RINGWOOD pupils have been reflecting on life in lockdown as a central theme in their end-of-year production.

Nine Class Ten students from Ringwood Waldorf School, aged 15 and 16, rehearsed and performed a radio play re-telling the story of Anne Frank, the young diarist and Second World War Holocaust victim.

During the Nazi occupation of Holland, Anne and her Jewish family had to live in hidden rooms to avoid being sent to the concentration camps.

Teenage Anne kept a diary of her thoughts and experiences in hiding.

However, Anne and her family were discovered and sent to Auschwitz and Bergen-Belsen. Only her father survived.

English teacher and play director Nancy Urry said: “Because of lockdown, the students can now identify with Anne Frank’s story in a whole new way. We realised that it was going to be impossible to rehearse a play as usual and perform to a live audience.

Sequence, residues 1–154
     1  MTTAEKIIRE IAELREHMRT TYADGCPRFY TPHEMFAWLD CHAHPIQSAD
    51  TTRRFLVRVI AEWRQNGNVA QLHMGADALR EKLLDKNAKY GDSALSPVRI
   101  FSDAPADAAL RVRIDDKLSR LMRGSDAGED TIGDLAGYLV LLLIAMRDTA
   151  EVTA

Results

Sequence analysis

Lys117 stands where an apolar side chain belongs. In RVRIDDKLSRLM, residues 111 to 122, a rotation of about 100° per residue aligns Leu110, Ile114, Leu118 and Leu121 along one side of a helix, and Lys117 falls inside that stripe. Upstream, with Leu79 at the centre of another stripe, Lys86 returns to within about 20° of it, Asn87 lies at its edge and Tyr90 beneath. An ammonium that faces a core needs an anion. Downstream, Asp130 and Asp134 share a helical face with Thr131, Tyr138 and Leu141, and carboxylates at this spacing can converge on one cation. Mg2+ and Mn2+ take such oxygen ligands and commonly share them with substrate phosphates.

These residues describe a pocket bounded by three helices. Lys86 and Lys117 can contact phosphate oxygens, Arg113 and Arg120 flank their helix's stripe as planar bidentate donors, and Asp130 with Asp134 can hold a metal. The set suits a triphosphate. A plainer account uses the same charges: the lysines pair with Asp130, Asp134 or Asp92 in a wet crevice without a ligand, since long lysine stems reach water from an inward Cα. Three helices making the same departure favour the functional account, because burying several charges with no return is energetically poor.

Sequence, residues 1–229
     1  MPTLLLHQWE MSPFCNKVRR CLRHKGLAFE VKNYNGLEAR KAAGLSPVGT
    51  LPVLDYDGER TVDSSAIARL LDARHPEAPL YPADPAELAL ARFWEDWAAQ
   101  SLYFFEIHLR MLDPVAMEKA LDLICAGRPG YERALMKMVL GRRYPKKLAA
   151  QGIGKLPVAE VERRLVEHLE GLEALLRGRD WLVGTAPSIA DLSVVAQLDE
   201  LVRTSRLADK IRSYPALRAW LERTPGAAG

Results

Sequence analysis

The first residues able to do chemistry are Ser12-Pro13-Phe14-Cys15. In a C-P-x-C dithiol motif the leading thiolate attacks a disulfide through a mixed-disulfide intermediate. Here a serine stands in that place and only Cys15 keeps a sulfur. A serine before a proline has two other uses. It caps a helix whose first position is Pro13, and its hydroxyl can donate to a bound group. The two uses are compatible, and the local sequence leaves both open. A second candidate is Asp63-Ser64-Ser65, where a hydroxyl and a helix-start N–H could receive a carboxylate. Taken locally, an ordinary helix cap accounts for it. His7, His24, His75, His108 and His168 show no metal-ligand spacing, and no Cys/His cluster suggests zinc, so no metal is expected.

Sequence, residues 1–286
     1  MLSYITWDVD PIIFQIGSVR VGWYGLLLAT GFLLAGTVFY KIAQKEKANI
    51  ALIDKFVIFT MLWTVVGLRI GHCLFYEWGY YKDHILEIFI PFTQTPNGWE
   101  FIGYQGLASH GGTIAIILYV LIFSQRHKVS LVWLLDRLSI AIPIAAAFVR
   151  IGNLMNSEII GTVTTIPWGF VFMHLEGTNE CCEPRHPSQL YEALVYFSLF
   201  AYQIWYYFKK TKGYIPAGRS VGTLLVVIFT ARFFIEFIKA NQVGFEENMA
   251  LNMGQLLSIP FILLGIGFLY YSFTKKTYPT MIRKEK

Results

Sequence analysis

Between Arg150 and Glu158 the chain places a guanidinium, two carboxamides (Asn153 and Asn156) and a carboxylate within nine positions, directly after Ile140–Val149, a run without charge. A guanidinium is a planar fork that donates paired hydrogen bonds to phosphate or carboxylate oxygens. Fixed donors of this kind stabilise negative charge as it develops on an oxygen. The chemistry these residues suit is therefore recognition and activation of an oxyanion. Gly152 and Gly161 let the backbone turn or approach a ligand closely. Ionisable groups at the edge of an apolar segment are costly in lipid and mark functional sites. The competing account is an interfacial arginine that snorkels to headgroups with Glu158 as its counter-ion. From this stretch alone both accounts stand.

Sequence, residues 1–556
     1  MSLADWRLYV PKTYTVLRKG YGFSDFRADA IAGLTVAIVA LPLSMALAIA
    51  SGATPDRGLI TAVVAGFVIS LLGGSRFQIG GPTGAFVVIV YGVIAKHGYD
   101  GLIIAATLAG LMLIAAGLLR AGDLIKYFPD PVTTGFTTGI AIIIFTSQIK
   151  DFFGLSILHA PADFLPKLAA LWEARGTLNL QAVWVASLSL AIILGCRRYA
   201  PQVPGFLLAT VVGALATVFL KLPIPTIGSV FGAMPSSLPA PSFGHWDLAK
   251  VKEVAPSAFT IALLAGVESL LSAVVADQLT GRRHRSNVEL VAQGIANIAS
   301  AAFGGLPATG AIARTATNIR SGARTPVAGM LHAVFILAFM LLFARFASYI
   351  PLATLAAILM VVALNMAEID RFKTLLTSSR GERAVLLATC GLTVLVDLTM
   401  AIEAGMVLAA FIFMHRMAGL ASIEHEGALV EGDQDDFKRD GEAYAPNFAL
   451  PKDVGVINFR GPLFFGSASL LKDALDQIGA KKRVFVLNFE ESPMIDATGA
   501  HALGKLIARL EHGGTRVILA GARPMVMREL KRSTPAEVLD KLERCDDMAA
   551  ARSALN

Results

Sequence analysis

“We recorded the play so that parents can hear it. It is also really important for the students to be able to work together and it’s been a great learning experience for the class.”

Other imaginative solutions to learning at the school since lockdown have included an outdoor classroom in a marquee in the field and using the school hall to house a group of keyworker children. With the school located next to Ringwood Forest, walks have also been a favourite activity.

In the kindergartens, two small bubbles of children have built dens and enjoyed craft lessons. An older group aged between 10 and 13 have been engaged in academic and creative work and re-kindling their important friendships.

The chair of the school management team, Geli Patrick, said: “We are looking forward to September and making preparations for a full return of pupils and staff in line with government guidance.”